Justin Howard Rosier (MFA 2018)
by Kaycie Surrell (MFA 2019)
The beauty of an MFA program is time. Time to work on your writing. Time to work with other writers. Time to develop and strengthen your craft. Justin Howard Rosier (MFA 2018) made the most of his time in SAIC’s MFA Writing program by launching a magazine and expanding a short story into a novel that asks what it means to be Black in America.
One of two $10,000 James Raymond Nelson Fellowship recipients, Rosier has used the award to foster his practice as a writer and a critic. In his final year in the MFA program, Rosier along with SAIC classmates created Critics’ Union, a magazine that aspires to serve as the public editor for critics. “So much of journalism is becoming more opinion-based, so there’s no public apparatus other than letters to the editor to contend with opinion pieces,” says Rosier. “The idea of it is to hold opinion makers accountable, so if we don’t like a critic or if we have an issue with the coverage around a certain topic, we write long-form essays about them.”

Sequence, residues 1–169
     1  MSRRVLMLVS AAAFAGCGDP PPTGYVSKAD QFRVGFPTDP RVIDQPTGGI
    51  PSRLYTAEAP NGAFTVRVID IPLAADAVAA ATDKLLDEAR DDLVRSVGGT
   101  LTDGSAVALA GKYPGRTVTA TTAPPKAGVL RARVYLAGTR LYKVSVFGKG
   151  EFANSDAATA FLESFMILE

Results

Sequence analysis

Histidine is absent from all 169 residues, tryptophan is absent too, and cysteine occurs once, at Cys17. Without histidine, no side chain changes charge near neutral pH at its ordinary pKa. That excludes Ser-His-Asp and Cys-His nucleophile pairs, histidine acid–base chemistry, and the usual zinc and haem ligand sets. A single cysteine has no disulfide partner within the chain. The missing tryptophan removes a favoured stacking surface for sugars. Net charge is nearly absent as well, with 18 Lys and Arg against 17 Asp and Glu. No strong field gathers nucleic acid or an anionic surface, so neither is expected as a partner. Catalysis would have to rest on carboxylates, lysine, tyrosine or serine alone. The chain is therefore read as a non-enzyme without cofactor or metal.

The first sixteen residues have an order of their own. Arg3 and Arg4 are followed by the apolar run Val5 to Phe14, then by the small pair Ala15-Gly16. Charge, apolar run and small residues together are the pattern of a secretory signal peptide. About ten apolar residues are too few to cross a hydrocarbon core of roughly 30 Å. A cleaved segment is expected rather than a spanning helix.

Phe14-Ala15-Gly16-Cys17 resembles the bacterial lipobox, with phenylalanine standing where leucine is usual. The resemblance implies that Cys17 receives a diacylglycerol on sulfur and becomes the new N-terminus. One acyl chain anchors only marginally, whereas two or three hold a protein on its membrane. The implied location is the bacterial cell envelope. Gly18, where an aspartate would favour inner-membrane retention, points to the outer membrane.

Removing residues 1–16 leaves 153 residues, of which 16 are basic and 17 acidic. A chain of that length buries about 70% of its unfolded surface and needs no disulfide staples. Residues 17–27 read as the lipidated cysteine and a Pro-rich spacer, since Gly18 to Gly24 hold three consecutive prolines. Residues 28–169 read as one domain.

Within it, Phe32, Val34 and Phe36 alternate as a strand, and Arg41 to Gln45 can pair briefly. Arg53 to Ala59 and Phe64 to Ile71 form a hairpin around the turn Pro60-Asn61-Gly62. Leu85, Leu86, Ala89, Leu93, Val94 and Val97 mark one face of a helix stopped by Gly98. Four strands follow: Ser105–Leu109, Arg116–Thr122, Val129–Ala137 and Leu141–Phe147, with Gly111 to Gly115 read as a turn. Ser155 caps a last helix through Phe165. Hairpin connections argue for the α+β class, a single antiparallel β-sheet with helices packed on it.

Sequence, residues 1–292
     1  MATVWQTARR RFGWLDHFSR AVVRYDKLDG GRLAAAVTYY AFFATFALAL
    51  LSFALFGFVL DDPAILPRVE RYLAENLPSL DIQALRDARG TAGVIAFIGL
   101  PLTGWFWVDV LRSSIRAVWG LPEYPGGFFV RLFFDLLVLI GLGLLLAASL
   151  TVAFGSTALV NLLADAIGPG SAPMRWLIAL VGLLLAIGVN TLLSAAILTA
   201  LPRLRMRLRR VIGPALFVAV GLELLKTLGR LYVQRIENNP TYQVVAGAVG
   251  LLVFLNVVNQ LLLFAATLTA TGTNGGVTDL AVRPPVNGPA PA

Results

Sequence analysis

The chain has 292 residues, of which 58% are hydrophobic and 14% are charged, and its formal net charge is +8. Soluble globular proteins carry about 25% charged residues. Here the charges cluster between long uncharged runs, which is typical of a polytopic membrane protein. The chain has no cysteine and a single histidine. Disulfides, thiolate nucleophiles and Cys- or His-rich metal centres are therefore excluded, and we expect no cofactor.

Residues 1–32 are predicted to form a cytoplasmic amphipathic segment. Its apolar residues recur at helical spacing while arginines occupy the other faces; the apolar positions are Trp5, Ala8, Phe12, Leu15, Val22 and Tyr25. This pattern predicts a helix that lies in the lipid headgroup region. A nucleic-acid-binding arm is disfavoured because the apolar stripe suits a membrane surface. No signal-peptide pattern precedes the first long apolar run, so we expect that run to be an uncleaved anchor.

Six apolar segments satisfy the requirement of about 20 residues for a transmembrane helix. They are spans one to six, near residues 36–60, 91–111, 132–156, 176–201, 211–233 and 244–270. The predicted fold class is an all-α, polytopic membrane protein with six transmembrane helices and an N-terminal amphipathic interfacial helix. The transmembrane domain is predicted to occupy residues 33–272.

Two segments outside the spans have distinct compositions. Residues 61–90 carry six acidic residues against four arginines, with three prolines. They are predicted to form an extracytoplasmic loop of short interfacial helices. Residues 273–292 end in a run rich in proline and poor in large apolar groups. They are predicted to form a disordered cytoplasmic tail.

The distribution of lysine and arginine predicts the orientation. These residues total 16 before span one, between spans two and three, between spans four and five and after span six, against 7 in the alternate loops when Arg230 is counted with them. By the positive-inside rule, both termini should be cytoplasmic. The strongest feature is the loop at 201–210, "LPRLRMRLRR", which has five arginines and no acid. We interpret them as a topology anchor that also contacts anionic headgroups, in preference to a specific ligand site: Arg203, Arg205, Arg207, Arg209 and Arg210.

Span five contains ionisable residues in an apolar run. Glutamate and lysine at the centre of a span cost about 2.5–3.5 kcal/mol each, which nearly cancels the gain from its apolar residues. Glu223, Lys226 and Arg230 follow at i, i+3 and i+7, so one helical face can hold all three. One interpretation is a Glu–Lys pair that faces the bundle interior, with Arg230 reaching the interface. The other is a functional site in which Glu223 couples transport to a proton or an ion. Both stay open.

Following the launch and debut of Critics’ Union at EXPO CHICAGO last September, Rosier plans to complete his novel, which deals with the death of a young man from Chicago’s south suburbs. “It’s about race and class,” says Rosier. “Is it possible to really know a person, or is it possible to grow and change past a community’s perception of you?”
If there’s a code, Rosier is cracking it. Time spent working diligently in the MFA program led to two fellowships; he also received the Alan Cheuse Emerging Critics Fellowship furthering his opportunities to publish. The James Raymond Nelson Fellowship has allowed Rosier the time to focus on the completion of his novel, and time to work on Critics’ Union—now available at SAIC’s Joan Flasch Artists’ Book Collection and Quimby’s, a Chicago bookstore.